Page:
KARIMBA: THE SHIFTING BOUNDARIES OF A SACRED TRADITION
AbstractIn Zimbabwe, urban musicians and educators often perceive karimba as a category of relatively small mbira that are used for secular entertainment. This notion is strongly influenced by the prominence of the Kwanongoma mbira, or nyunga nyunga mbira, a 15-key karimba that was first popularized by the Kwanongoma College of Music in the 1960s. Despite a wealth of research, very little has been written about karimba traditions around the Zimbabwe-Mozambique border that are associated with traditional religious practices. In this article, the author focuses on a type of karimba with more than 20 keys that shares much of the same repertoire with matepe/madhebhe/hera music in Rushinga, Mutoko, and Mudzi Districts in Zimbabwe and nearby regions in Central Mozambique. The author explores the connections between innovations of the Kwanongoma mbira and karimba traditions in the Northeast with examples from the International Library of African Music archival collections and her own ethnographic research. This article provides a foundation upon which others may further conduct research on karimba music and suggests possible directions for incorporating these findings into educational contexts.
Blacking, John 1961 “Patterns of Nsenga Kalimba Music.” African Music 2 (4): 26–43.
Carver, Mandy 2012 Understanding African Music. Listen, Compose, Play, Learn. Grahamstown: International Library of African Music.
Jones, Claire. 1992 Making Music: Musical Instruments of Zimbabwe Past and Present. Harare, Zimbabwe: Academic Books.
Jones, Claire. 2012 “A Modern Tradition: The Social History of the Zimbabwean Marimba.” African Music 9 (2): 32–56.
Kubik, Gerhard. 1964 “Generic Names for the Mbira.” African Music 3 (3): 25–36.
Maraire, Dumisani 1991 The Nyunga Nyunga Mbira: Lesson Book One. Portland: Swing Trade.
Matiure, Sheasby 2008 Performing Zimbabwean Music in North America: An Ethnography of Mbira and Marimba Performance Practice in the United States. PhD Dissertation: University of Indiana, Bloomington.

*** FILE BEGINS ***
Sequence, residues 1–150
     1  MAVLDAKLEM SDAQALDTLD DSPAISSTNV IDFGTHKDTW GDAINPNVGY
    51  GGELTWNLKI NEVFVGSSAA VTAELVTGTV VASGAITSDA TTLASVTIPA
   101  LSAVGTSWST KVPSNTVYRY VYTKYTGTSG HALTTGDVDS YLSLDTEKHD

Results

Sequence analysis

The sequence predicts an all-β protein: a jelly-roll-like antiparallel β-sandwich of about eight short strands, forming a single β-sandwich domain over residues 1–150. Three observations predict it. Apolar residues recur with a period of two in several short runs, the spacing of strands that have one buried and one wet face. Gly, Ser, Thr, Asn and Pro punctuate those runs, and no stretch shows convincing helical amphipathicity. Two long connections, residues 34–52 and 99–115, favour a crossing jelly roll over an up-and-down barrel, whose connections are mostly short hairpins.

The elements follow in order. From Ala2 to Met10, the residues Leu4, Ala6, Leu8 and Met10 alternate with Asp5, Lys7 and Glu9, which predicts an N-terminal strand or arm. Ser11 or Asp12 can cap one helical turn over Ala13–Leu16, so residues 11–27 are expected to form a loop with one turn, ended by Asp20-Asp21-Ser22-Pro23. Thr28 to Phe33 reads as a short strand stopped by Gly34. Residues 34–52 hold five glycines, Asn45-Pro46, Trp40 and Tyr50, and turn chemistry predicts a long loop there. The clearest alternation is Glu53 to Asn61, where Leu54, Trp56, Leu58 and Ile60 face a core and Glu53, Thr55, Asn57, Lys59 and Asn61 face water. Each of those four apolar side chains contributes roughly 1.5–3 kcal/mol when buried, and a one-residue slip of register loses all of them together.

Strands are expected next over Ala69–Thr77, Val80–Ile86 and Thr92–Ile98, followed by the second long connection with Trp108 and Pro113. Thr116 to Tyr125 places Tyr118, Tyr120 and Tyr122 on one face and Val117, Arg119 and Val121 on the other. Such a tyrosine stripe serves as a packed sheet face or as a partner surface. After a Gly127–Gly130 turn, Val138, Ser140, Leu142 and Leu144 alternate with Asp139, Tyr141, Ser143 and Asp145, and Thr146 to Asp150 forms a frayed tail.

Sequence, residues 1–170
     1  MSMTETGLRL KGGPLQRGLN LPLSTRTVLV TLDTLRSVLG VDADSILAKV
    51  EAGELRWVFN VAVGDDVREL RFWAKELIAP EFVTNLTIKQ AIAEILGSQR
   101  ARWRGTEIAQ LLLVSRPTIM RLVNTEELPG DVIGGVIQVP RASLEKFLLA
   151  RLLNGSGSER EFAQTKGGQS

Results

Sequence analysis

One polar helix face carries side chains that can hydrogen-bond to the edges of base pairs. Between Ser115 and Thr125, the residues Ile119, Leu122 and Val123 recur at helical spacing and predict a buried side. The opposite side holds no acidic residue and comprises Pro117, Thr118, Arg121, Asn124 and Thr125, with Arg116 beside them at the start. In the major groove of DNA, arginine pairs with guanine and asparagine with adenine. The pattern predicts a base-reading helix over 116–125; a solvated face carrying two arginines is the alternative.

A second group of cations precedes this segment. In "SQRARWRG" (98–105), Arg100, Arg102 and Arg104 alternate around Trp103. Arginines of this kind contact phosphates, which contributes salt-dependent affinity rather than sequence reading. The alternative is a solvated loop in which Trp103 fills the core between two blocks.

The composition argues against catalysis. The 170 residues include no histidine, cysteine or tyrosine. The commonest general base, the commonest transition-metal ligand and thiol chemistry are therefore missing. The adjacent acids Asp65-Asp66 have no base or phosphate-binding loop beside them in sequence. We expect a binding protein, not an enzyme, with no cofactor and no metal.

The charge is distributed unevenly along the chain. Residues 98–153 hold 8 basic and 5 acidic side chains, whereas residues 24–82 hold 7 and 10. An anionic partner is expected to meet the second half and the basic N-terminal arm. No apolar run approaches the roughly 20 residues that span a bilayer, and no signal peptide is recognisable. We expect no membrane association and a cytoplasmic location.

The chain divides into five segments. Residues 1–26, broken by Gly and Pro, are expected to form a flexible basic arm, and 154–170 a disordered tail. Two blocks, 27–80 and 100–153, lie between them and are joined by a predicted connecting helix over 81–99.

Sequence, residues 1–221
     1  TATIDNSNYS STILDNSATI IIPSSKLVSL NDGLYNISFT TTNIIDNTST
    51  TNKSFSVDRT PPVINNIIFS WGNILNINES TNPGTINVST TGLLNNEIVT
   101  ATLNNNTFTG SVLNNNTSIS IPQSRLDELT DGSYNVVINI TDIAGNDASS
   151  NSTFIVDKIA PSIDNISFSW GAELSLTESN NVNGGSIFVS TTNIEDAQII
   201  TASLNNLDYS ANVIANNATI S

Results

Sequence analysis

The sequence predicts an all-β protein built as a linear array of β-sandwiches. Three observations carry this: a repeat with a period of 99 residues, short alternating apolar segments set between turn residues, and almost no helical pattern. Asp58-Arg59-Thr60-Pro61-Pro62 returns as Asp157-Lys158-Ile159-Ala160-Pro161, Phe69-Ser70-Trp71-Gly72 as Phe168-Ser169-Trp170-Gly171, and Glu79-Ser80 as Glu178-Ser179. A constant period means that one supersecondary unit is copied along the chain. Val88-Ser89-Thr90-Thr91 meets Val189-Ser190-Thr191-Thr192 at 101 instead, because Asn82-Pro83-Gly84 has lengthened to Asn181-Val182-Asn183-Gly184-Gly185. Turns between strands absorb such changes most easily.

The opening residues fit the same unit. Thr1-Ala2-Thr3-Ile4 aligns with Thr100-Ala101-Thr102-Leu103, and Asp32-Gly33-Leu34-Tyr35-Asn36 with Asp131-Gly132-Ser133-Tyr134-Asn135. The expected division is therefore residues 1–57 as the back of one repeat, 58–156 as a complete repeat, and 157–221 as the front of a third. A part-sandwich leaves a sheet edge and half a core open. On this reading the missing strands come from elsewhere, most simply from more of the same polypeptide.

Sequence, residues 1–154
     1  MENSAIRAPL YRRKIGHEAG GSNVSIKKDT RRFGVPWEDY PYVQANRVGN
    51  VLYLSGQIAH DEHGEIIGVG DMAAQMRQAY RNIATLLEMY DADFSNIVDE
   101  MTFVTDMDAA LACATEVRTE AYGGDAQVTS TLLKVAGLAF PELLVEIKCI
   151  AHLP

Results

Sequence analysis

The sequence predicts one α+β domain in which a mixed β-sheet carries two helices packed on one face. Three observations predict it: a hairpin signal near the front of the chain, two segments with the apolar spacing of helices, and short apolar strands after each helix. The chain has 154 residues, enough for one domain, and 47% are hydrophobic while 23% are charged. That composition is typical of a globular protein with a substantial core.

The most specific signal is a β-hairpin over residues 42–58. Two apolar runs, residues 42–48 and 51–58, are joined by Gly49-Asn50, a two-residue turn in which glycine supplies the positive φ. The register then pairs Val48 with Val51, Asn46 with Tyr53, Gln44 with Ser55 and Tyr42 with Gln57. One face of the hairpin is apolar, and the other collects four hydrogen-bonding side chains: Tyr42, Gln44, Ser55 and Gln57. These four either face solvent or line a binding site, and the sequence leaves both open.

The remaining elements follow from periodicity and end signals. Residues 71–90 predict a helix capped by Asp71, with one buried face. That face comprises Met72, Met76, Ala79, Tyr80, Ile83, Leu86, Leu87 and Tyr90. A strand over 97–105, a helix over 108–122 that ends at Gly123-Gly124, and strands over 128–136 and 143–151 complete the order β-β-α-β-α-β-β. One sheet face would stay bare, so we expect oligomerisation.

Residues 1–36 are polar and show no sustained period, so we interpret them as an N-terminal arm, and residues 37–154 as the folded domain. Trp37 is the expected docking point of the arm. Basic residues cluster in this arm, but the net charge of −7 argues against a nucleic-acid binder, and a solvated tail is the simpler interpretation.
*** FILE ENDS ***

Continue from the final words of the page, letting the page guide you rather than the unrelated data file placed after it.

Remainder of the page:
Mutekwa, Trust 2017 Nyunga Mbira Handbook: An Enthralling Exploration of the 15-Key Mbira. Harare, Zimbabwe: Best Books.
Ngomani, Sharon 2016 “Zvirimudeze and the Tale of the Hybrid Mbira.” The Herald. http://: www.herald.co.zw/zvirimudeze-and-the-tale-of-the-hybrid-mbira/ [accessed 31 July 2018]
Scharfenberger, Angela. 2017 “The Power of the Fish is in the Water”: The Flow of Relationships in a Transnational Zimbabwean Music Community. PhD Dissertation: University of Indiana, Bloomington.
Tracey, Andrew. 1961 “Mbira Music of Jege A. Tapera.” African Music 2 (4): 44–63.
Tracey, Andrew. 1972 “The Original African Mbira?” African Music 5 (2): 85–104.
Tracey, Andrew. 1993 Mbira Catalogue. Independent publication.
Tracey, Andrew. 2015 “The System of the Mbira.” African Music 10 (1): 127–149.
Tracey, Hugh 1932 Carnegie Report: The Native Music of Southern Rhodesia. Independent publication.
Interviews by author and research team
Bandeira, Alec. Nyamapanda, Zimbabwe, 27 August 2017.
Chawasarira, Chaka. Chitungwiza, Zimbabwe. 6 December 2016.
Mupadzi, Everisto. Mudzi District, Zimbabwe, 9 August 2017.
Nyamuhowa, Richard and Patrick Musa. Nyamapanda Primary School, 8 August 2017.
Nyamusangudza, Chikinya. Northeastern Zimbabwe. 26 June 2017.
Nyazvigo, Enochi. Tsonga Village, Zimbabwe. July 2017.
This work is licensed under a Creative Commons Attribution-NonCommercial-ShareAlike 4.0 International License.